Arguably the shoe of 2022 and 2023, the adidas Samba has seen huge success from every level of the market. General releases of the OG Samba have been selling out at below £100 and striking designer collaborations that launched trends all of their own (looking at you, silver Wales Bonner Sambas) are also like gold dust at retail. 

With all this exposure and now moving into what is likely to be the third year of the Samba, you might be asking yourself — are Sambas still cool? 

The obvious answer is that it’s entirely down to the individual. If you were an early adopter of the return of the sporty shoe that was a star of the TikTok For You Page throughout early 2022, then you might find yourself beginning to look elsewhere for the next sneaker that is going to be the focus of your outfits moving forward. For those who are only just coming to see the Samba for the icon that it is, however, fear not. The ship has far from sailed on the low-key, retro sneaker that found itself on the feet of some of fashion’s most looked to influencers like Bella Hadid and Kendall Jenner. 

The biggest showcase of this is the fact that brands are still lining up to put their own spin on the Samba. Only this month Wales Bonner released four all-new pony hair options to build on the success of their ongoing collaborations with adidas, bringing us a new bold follow up to the ‘silver surfers’ of summer ‘23 in form of an fully leopard print upper that is sure to be across everyone’s social media feeds well into the new year. 

Along with Wales Bonner, LA based Sporty and Rich are also a returning collaborator with legions of dedicated fans, releasing another duo of vintage-feel sneakers that are decidedly more subtle than anything animal print. Sporty and Rich keep the OG Samba’s white upper, gum sole and suede contrasts on the toe, with vibrant contrasting colours adorning the iconic three stripes and heel tab — these Sambas look straight out of the coolest archival Pinterest moodboard you could find.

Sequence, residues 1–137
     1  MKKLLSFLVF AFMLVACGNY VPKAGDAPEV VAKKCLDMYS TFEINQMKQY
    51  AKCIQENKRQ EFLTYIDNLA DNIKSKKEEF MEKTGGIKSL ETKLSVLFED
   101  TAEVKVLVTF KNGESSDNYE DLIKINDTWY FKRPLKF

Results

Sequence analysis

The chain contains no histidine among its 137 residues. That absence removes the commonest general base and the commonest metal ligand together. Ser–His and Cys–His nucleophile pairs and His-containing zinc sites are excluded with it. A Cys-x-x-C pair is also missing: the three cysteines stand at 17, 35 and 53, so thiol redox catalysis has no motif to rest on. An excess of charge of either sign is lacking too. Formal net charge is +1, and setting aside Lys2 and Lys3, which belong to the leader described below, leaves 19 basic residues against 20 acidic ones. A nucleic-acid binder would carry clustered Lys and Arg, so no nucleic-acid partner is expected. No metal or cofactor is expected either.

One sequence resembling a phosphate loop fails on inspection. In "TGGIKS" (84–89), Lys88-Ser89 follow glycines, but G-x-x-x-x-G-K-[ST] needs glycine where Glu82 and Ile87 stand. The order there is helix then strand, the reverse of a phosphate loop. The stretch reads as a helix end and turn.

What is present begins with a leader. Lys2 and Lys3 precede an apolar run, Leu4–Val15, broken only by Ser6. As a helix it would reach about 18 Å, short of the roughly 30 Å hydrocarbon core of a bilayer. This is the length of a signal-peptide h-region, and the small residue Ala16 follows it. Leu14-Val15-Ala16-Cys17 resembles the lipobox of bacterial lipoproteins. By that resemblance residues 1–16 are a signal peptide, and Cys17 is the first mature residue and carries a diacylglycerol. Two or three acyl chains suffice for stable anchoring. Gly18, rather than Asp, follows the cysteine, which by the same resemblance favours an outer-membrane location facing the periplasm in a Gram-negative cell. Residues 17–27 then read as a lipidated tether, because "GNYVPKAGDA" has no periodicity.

It’s not just ongoing collaborations that are keeping the Samba train well and truly going — minimal designer extraordinaire Justin Saunders and his brand JJJJound are releasing two collaborative pairs in spring 2024, and they’re as inconspicuous as you’d expect from the brand that has the most low-key collaborations going. Jjjjound has, in recent years, released subtly different colourways of the New Balance 990, Reebok Club-C and Asics Gel-Kayano 14 — with each pair sitting firmly in the ‘if you know you know’ category of sneaker collabs, featuring the most minimal of branding that if you’re not clued up on the specific colourways, you could easily mistake them for general release pairs. Not that that stops the collaborative sneakers selling out within minutes and becoming hugely sought-after on the secondary market. 

For Jjjjounds take on the Samba the playbook remains much the same. A black pair that follows very much in the footprints of adidas’ OG black/white pairs, with contrasting suede T-shaped panel, white three stripes and a gum sole — only the ‘Jjjjound’ seen on the heel tab to signify them as a joint release. A detail even more subtle than Sporty and Rich’s approach. 

The second pair pushes the sneaker into different territory. A heavy brushed, tan suede upper that gives a fuzzy appearance and tonal contrasting details make for a sneaker that is sure to be another popular release from arguably the tastemaker.

Emerging luxury brands, too, are still looking to the Samba to put themselves on the map. 

This September LABRUM, a London based brand that draws influence from the founders West African heritage, debuted a pair of Sambas during their London Fashion Week catwalk show. 

Talking about the show, the brand was quoted as saying that the collection consists of ‘silhouettes [that are] drawn from the ‘70s migration’, so it’s unsurprising to see a retro style so associated with that era being showcased alongside the clothing. 

LABRUMs Samba features subtly contrasting shades of brown and deep red, accented by a stark black toe box, sides and laces. The bold white three stripes proudly sitting in contrast to the overall subdued upper making it unmistakable what sneaker the brand is partnering with. 

So, the Samba is still getting hefty co-signs from some of the best in the game, but more than being a trend, adidas have been making the Samba for almost 75 years (read more about the sneakers world cup origins here). It’s a sneaker that is the definition of timeless, and as is the case with anything personal style related, if you think it’s cool, then it is. We all have particular styles that we’re drawn to whether it’s down to the brands that are collaborating on a pair of sneakers, or the history of that style of shoe, so if you’re only just looking at the adidas Samba and thinking it’s cool, then don’t let the ebbs and flows of a trend cycle stop you from getting a pair into your rotation.